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What to spot

1

Skomer & Skokholm

Puffins, Manx Shearwaters, Guillemots, Razorbills, Choughs, Short-Eared Owls, Seals, Dolphins, Porpoises, Wildflowers


2

Ramsey Island

Guillemots, Razorbills, Choughs, Peregrine Falcons, Dolphins, Seals, Wildflowers, Highest Sea Cliffs in Wales


3

Grassholm Island

Gannets, Guillemots, Porpoises and Dolphins


4

Gwenffrwd Dinas

Red Kites, Pied Flycatchers, Redstarts, Sandpipers, Dippers, Grey Wagtails, Wildflowers, Woodland, Rivers


5

Strumble Head

Whales, Dolphins, Porpoises, Seals, Seabirds, Stunning Coastal Views


6

Castle Woods, Llandeilo

Ancient Bluebell Woodland, Tywi River, Lesser Spotted Woodpeckers, Willow Warblers, Chiffchaffs, Redstarts, Pied Flycatchers


7

Stackpole and Bosherston Lily Ponds

Otters, Sedge and Reed Warblers, Dragonflies, Ponds, Woodland, Amazing Beaches


8

Pant y Sais Fen

Fen Raft Spiders, Dragonflies, Damselflies, Warblers, Reed Buntings, Water Rails, Reedbeds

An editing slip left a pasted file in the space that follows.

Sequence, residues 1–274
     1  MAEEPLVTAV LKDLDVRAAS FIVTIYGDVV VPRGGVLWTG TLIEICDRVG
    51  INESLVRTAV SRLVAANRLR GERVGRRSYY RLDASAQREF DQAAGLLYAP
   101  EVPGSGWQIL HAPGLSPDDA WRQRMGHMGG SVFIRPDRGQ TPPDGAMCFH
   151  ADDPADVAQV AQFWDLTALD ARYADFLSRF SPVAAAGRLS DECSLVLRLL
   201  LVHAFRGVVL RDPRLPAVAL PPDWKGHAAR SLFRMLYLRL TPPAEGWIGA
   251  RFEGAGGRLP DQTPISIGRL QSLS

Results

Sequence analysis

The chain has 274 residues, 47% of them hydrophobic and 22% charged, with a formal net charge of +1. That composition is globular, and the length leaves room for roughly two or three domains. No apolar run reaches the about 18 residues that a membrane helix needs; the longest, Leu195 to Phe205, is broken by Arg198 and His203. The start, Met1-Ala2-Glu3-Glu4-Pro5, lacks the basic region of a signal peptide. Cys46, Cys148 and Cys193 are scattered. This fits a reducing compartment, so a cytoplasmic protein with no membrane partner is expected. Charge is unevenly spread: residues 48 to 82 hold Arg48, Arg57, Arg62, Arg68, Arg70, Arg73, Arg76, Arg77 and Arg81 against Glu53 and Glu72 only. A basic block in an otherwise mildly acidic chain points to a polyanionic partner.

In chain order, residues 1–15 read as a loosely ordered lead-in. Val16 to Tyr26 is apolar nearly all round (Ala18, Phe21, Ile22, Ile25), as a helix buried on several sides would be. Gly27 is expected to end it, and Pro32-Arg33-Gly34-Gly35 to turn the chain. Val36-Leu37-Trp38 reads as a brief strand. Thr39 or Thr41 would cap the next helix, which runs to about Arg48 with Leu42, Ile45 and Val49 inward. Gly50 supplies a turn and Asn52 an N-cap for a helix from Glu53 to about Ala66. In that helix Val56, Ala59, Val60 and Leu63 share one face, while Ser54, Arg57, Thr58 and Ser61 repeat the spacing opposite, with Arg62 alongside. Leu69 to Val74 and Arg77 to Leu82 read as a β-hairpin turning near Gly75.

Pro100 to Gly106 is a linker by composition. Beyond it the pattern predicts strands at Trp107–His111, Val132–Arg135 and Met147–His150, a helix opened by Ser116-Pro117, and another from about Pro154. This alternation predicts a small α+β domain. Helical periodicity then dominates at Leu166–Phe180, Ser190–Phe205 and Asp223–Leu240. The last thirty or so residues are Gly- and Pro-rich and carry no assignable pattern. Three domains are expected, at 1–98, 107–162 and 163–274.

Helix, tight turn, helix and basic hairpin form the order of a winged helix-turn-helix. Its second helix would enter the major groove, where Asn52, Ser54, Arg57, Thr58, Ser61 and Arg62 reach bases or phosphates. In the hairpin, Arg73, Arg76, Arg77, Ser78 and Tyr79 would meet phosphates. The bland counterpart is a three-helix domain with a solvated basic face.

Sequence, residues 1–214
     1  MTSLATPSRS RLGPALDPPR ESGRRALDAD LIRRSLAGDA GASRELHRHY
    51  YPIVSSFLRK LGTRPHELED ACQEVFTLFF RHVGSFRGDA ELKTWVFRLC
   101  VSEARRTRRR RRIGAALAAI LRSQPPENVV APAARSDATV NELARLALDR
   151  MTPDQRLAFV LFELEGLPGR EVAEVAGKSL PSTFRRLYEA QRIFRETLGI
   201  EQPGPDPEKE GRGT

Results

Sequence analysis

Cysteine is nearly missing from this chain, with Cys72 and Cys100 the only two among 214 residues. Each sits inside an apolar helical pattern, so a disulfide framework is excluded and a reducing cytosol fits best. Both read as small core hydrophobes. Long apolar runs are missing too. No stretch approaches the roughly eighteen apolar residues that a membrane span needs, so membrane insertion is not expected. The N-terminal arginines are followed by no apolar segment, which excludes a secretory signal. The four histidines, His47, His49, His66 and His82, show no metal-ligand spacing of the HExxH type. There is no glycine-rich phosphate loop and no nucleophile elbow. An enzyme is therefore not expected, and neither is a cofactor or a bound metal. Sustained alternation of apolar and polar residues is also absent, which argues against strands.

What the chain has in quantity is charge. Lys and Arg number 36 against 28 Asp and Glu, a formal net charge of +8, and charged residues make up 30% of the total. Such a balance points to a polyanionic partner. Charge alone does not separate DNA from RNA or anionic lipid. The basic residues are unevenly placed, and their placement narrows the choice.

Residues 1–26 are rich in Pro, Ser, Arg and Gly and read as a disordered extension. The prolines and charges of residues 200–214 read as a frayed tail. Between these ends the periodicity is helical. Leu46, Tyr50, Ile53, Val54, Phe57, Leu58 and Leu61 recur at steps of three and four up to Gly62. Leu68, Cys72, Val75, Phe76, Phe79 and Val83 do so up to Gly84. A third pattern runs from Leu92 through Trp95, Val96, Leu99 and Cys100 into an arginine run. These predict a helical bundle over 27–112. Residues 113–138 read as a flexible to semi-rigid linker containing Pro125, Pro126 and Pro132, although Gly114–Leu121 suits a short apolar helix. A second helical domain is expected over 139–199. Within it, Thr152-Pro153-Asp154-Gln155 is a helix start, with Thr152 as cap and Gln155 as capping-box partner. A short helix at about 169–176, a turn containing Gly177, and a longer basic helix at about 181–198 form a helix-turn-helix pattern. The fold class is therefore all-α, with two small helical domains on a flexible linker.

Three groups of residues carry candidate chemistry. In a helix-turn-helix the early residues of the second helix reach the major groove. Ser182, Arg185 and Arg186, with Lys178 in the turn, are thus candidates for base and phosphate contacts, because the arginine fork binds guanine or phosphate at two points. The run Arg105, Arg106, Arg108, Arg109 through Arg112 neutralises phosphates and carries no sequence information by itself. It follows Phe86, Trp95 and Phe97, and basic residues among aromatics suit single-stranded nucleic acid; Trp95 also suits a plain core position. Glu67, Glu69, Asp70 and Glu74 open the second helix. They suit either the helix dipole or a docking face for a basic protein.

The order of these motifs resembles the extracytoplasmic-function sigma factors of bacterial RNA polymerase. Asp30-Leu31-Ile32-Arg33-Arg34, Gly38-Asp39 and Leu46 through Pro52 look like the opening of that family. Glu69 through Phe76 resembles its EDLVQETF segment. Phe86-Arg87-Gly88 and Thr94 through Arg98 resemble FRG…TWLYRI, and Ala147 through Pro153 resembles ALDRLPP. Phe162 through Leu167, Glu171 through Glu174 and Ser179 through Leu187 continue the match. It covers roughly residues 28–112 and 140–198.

9

Worms Head and Rhossili Beach

Porpoises, Seals, Seabirds, Beaches, Coastal Grassland and Heathland, Stunning Coastal Views


10

Welsh Wildlife Centre and Teifi Marshes Reserve

Warblers, Kingfishers, Dragonflies, Otters, Water Buffalos, Reedbeds, Woodland


Fun facts

  • Skomer and Skokholm islands are home to nearly 60% of the world's population of Manx Shearwaters, some 165,000 breeding pairs. Manx Shearwaters migrate over 7,000 miles (11,250km) from here to the coasts of Brazil and Argentina in less than two weeks.
  • A Puffin's large beak is only colourful during the summer months when it's used to attract a mate. Due to their colourful beak, they are known as 'sea parrots' as well as 'clowns of the sea'.
  • Gannets can strike the water at speeds of 60mph (100 km/h) from a height of 100ft (30m) to catch fish. They can eat large quantities of fish - hence the expression eating like a Gannet.
  • Over half the world population of Bluebells is within the UK, with very high concentrations found within Wales. The Bluebell is thought to symbolise constancy and truth and is a possible origin of the 'something blue' that a bride should wear on her wedding day.
  • Wales is the stronghold of the Chough, an acrobatic member of the crow family with unique, bright red, curved bill. Legend has it that King Arthur, said to be buried in Pembrokeshire, turned into a Chough on his death and therefore killing a Chough is seen as bad luck.
  • Grey Seals can dive to a depth of 230ft (70m) and have a large Roman nose, which is reflected in their scientific name Halichoerus grypus meaning 'sea-pig with a hooked nose'.
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